You might be the sort of person who has read Atlas Shrugged five times, cover to cover. You might only know the title as that book Paul Ryan keeps talking about, or the one that Bert Cooper kept rambling on about in the early days of Mad Men. But your degree of familiarity with Ayn Rand's prolific novel shouldn't have much of an impact on your enjoyment of this trailer for John Putch's new movie, Atlas Shrugged: Part II (a followup to director Paul Johansson's Part I in 2011). Whether you know much of Rand's writing or not, the new film looks thrilling.
The trailer offers the powerful elements of the story — a tyrannical government, and the difficult question of whether one should (or even can) fight back — in a way that makes them easily digestible, but does not look to sell short their magnitude. Putch has built an entirely new cast for the upcoming film, featuring Samantha Magnis as heroine Dagny Taggart and Jason Beghe as Henry Rearden. As the two seem to embody full incarnations of Rand's characters, stimulating aesthetics and audio help to engross us in her world.
The accessibility of the trailer does lend to the idea that some of the novel's most diligent devotees might find the movie a step or two beneath the "perfect adaptation." But Atlas Shrugged: Part II seems like it will accomplish it goals: to excite, interest, and pay homage to one of the most important novels ever written. Check out the trailer below, and share your thoughts (be you a five-time reader or just a Mad Men fan).
[Photo Credit: Either Or Productions/Atlas Distribution Company]
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As with seemingly every other tentpole release to hit the multiplex this summer the action thriller Cowboys & Aliens is based on a comic book – albeit a lesser-known one. It’s directed by Jon Favreau whose previous comic-book adaptations Iron Man and Iron Man 2 proved how much better those films can be when they’re grounded in character. Unfortunately his latest effort is grounded not in character but a hook an alt-history scenario best expressed in the language of the average twelve-year-old: “Like wouldn’t it be awesome if like a bunch of 1870s cowboys had to fight a bunch of crazy aliens with exoskeletons and spaceships and super-advanced weapons?”
Like perhaps. The hook was compelling enough to get someone to pony up a reported $160 million to find out and the result is a film in which the western and science-fiction genres don’t so much blend as violently collide. After the wreckage is cleared both emerge worse for wear.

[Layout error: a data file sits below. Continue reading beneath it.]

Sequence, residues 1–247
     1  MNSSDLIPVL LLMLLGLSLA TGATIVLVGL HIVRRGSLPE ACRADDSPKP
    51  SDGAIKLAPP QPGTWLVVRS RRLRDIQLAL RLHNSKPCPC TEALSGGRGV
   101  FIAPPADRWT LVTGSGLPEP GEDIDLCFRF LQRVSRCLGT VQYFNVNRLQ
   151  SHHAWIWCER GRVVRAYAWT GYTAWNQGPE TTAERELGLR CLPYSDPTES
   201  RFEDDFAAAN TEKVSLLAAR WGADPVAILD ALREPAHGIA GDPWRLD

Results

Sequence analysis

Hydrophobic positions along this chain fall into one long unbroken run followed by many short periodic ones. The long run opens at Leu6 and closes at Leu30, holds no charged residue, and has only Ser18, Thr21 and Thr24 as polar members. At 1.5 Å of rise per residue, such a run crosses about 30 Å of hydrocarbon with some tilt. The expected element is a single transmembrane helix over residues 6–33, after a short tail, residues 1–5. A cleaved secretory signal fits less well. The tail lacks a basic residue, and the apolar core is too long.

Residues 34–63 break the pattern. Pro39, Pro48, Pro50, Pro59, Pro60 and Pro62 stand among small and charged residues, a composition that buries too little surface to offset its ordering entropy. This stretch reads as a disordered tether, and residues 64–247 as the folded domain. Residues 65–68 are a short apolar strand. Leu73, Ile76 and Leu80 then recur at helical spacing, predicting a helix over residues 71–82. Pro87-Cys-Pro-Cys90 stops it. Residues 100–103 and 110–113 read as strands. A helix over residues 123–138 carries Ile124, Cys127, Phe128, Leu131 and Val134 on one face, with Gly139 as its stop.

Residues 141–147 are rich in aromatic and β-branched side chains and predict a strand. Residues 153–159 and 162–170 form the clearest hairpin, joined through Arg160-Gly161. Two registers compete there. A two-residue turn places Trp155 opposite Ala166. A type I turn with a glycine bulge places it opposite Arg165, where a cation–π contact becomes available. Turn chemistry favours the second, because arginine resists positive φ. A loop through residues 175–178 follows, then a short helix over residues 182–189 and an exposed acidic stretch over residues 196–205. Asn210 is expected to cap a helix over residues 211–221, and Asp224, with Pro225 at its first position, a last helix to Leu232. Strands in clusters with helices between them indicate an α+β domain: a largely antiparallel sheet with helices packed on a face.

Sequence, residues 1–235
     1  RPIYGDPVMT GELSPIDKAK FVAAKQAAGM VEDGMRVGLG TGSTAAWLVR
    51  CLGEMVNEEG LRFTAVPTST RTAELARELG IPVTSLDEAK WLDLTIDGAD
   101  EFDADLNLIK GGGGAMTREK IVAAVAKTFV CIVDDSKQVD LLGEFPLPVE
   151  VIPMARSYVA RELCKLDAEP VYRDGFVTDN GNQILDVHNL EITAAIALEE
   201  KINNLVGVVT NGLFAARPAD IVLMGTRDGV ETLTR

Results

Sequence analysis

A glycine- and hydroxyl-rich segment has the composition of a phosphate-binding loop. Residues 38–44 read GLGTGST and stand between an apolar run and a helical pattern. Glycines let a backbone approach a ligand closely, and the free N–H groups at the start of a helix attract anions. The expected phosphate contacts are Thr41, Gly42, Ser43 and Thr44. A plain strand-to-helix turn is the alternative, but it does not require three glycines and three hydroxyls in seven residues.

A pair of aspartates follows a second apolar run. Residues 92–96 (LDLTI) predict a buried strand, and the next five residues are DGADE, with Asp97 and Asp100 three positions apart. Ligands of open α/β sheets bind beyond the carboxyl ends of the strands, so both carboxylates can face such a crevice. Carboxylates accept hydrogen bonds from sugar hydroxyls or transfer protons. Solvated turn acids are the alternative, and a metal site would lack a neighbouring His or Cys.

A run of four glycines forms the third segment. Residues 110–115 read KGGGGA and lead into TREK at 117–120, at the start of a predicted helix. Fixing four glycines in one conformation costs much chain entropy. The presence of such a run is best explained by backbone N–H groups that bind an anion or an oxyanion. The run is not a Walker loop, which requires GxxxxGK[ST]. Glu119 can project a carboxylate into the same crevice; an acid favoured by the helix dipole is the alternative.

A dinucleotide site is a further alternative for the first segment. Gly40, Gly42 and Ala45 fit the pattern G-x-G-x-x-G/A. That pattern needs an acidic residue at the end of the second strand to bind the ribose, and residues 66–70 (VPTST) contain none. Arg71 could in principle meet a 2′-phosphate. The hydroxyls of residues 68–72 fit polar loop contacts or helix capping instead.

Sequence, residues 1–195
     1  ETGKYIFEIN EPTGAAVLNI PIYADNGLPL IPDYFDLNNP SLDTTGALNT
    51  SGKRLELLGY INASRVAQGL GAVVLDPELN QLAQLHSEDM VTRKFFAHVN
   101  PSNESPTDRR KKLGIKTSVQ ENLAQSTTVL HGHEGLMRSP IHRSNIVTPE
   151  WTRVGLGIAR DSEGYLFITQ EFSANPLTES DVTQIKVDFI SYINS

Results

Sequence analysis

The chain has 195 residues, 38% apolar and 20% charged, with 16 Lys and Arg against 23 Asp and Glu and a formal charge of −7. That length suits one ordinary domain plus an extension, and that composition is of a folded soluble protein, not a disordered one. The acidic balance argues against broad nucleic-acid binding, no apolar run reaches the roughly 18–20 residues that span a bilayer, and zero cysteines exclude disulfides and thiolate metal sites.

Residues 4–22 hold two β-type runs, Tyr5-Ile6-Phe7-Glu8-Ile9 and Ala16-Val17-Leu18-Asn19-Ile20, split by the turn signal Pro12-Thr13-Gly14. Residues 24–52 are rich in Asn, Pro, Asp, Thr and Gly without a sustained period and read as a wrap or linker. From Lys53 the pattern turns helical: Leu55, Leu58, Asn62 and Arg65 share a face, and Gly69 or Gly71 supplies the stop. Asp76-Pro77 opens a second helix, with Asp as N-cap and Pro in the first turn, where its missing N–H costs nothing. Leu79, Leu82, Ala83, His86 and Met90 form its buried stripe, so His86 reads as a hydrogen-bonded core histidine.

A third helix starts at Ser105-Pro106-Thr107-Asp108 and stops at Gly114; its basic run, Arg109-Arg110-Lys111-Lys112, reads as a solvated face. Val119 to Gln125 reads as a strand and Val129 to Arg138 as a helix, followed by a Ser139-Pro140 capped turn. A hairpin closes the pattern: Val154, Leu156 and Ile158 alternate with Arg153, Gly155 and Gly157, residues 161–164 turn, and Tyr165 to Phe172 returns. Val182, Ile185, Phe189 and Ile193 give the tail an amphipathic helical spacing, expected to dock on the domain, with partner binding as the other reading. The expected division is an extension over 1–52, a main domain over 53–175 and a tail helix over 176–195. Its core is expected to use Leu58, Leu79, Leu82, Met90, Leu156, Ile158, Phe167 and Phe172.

Daniel Craig stars as Jake Lonergan a stranger who awakens in the New Mexico Territory with a case of amnesia a wound in his side and a strange contraption strapped to his wrist. After dispatching a trio of bandits with Bourne-like efficiency he rides to the nearby town of Absolution where he stumbles on what appears to be an elaborate Western Iconography exhibit presented by the local historical preservation society. There’s the well-meaning town Sheriff Taggart (Keith Carradine) struggling to enforce order amidst lawlessness; the greedy rancher Colonel Dolarhyde (Harrison Ford) who really runs things; his debaucherous cowardly son Percy (Paul Dano); the timid saloonkeeper Doc (Sam Rockwell) who’s going to stand up for himself one of these days; the humble preacher Meacham (Clancy Brown) dispensing homespun spiritual advice; et al.
Jake of course has his own part to play – the fugitive train-robber – as we discover when his face shows up on a wanted poster and a sneering Dolarhyde fingers him for the theft of his gold. The only character who doesn’t quite conform to type is Ella (Olivia Wilde) who as neither a prostitute nor some man’s wife – the traditional female occupations in westerns – immediately arouses suspicion.
Jake is arrested and ordered to stand trial in Federal court but before he can be shipped off a squadron of alien planes appears in the sky besieging Absolution and making off with several of its terrified citizenry. In the course of the melee Jake’s wrist contraption wherever it came from reveals itself to be quite useful in defense against the alien invaders. Thrown by circumstances into an uneasy alliance with Dolarhyde he helps organize a posse to counter the otherworldly threat – and bring back the abductees if possible.